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The sun is shining so we take our sandwiches to the Thursday market. Actually, it has nothing to do with the sun. We walk round it in the rain. In the snow. But today the sun is shining, that watery uncertain sun that shines before the weather becomes sure of summer. There are faded silk scarves on the cushion cover stall, the big ones that go with a salwar kameez, woven with a raised pattern of branches and flowers, every complex colour you could easily think of and more. I leaf through them, look at that blue, that gold, that silver that orange. The price is good but I already have too many fabrics I can't use for anything right now in my tiny house. So I regretfully leave them. Another person will buy them and be glad. On the retro clothes stall, long A-line skirts in huge floral patterns; I'm looking at them because my first Sindy doll had one but the one I remember belonged to my mother, except it was orange, turquoise and brown, not navy, white and pink. On the other side of the stall, I hesitate over a very modern art shirt. Polyester Mondrian squares, and broad enough for my unfashionable shoulders. I leave it, too hot, too white. Outside the costumes place a plastic anatomical model of a head, one of those where you lift the top of the head off and remove the brain, bit by bit. The flip top and most of the brain is missing; I poke suspiciously at the brain stem and the lady shouts £5! at me. I shake my head and put it down, too much to pay for least functional parts of the head. On the stall with all the hand-carved creatures there are little ceramic scotty dogs, hinged at their ridiculously slender waists, pill-boxes, the man says they are. After I finally stop laughing I buy one, £1 he says, because they're bizarre and strange. My hinged dog. Enthusiasm fired by my lucky escape from the market, I duck into Bradleys on the way back to the office. For years this has been one of my favourite shops in town, stocking fillers and tiny gifts and toys and decorations and things that glow or sparkle or glitter or jingle or hop or just look neat. It's closing and I've been meaning to go in there and spend £20 on all I could find of everything I'd always meant to get round to buying from them. Damian gives up while I'm still going through the beads (a tiny green cat's head, cracked blue glass hearts) and I grab a little tray and move from stand to stand, find little iridescent lucite acorns, red glass hearts tied with gold ribbon, strangely technical looking christmas stars decorated with wire and springs (good for the Cybercaption exhibition, maybe?) a traditional magic purse with Victorian-style pictures on it, twenty little wooden ladybirds and a creepy reindeer with shiny gold eyes that looks like he's made (at least in part) from real deer, just the right size for my little soldier doll to ride. And when I take it to the till, I've not even spent £10, never mind £20. Maybe next week.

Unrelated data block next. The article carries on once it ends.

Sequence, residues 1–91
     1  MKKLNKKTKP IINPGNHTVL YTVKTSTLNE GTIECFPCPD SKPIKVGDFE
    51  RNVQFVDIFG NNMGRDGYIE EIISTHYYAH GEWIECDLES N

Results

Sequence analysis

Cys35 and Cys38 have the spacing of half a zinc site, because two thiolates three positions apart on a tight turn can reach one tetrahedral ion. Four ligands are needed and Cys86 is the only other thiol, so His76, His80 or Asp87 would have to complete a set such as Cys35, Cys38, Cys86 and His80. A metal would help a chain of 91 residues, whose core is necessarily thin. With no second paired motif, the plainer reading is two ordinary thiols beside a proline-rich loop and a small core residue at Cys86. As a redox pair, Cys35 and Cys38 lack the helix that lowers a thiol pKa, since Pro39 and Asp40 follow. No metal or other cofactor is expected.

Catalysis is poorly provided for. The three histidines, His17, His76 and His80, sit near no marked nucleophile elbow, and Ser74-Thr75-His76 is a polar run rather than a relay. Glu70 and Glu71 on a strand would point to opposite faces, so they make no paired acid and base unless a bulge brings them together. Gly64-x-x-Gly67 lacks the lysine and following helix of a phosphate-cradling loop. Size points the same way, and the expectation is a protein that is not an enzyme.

We get home late and Tivo is doing the decent thing with the Buffy documentary. That is, not recording it. But I watch it anyway, because Damian is doing something upstairs and I can't be bothered to change channel. It's quite fun, in that it's honest; Joss Wheedon expressing bewilderment at the popularity of Spike; saying, "Buffy suffering, episode good" and "we discovered that what people were really into was the soap opera" and other entertainingly blatant things; scary Buffy fans talking about how the show is the only thing they can relate to; and everything else they can to remind you that it's just a bloody TV show, and, yes, it isn't as good as it used to be. Which put me in just the right frame of mind to watch the last episode; which I enjoyed immensely. Caleb sliced in half almost before he got the chance to get a line off, Angel turning up to save the day and doing nothing, and Sunnydale blown apart by tasteless jewellry. For a programme that's always prided itself on its keen fashion sense, what better way to go? And yay! Ding-dong the whining teens are dead! ... and yet, not literally. They're almost all still alive. And there's a world-wide network of Slayerettes now. Raising the entertaining thought of a mis-match buddy agents-of-good type show with glamorous locations and worldwide plots, Buffy and Faith wisecracking and scrapping and getting tied up and foiling evil plans. There could be a global society of evil for them to foil. It could be called T.H.R.U.S.H. ...

Comments

cleanskies
15th Jun, 2003 16:15 (UTC)
actually I would have preferred it if no-body had died at all
But it may cheer you to know that Spike isn't dead. In fact, last I heard, he's in next season's Angel.

I was too busy laughing at Buffy's shoes to want her to die. And dying -- so obvious, practically passe ...
sparkymark
15th Jun, 2003 16:24 (UTC)
Re: actually I would have preferred it if no-body had died at all
People assumed The Master would be a recurring character in Season 7 when they read Mark Metcalf had signed a contract, but only appeared in one scene in episode 1: maybe James Marsters is just signed up for the usual flashbacks in Angel?
coalescent
16th Jun, 2003 01:30 (UTC)
Re: actually I would have preferred it if no-body had died at all
Not such luck; Marsters is signed for all 22. Getting Spike over as a regular was the factor that clinched Angel's renewal, by all accounts.
badasstronaut
16th Jun, 2003 00:46 (UTC)
Re: actually I would have preferred it if no-body had died at all
I think she shouldn't die but should get a job selling lipsticks at Debenhams.